From a Financial to an Entity Model of ESG
This preprint has not undergone peer review or any post-submission improvements or corrections. The Version of Record of this article is published in European Business Organization Law Review, and is available online at https://doi.org/10.1007/s40804-021-00234-y.
39 Pages Posted: 27 Apr 2021 Last revised: 12 Jan 2022
Date Written: April 26, 2021
ESG investing evolved over time from the earlier concept of CSR. The process of evolution moved the focus from the external impact of corporate activities to the risk and return implications for financial investors of failing to address ESG issues in their portfolio selection and corporate engagement. The bridge between the two approaches was the framing of sustainability in the early part of the millennium as an overarching concept that could be mapped on to the supply of capital and the techniques employed by institutional investors. The financial model of ESG investing is now the standard approach around the world and is reflected in ESG ratings, codes and guidance and regulatory rules. It focuses on the role of capital and investors in driving change in sustainability practices and pays much less attention to the role of board decision-making and directors’ fiduciary duties. In this research, we trace the origins and trajectory of this change in emphasis from CSR to ESG and attempt to explain why it occurred. We identify shortcomings in the financial model of ESG investing and propose an alternative ‘Entity’ model, which we argue would more effectively promote sustainability in the corporate sector around the world.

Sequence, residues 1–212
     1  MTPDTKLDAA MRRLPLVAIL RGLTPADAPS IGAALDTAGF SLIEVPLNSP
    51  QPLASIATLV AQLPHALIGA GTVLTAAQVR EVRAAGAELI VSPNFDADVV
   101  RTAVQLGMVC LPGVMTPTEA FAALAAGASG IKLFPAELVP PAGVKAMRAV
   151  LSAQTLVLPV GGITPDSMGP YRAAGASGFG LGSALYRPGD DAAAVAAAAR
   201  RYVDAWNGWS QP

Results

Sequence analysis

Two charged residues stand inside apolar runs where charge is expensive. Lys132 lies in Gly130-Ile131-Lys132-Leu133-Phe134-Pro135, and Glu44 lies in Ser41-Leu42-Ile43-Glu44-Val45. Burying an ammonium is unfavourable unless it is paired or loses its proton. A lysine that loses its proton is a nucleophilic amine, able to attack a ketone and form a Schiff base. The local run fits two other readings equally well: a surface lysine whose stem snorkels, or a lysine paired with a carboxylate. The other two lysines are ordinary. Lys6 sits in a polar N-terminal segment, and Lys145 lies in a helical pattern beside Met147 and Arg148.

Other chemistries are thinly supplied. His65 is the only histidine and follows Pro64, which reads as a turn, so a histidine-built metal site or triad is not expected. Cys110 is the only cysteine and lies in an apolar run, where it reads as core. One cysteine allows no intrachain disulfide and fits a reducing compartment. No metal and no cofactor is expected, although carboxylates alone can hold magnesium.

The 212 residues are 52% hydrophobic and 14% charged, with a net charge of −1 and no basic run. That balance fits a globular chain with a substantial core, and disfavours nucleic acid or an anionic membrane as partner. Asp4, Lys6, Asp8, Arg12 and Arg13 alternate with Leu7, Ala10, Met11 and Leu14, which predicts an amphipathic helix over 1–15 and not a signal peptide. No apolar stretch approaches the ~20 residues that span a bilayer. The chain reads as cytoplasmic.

Keywords: ESG, CSR, sustainability, fiduciary duty, stakeholders, due diligence
JEL Classification: K22
Suggested Citation: Suggested Citation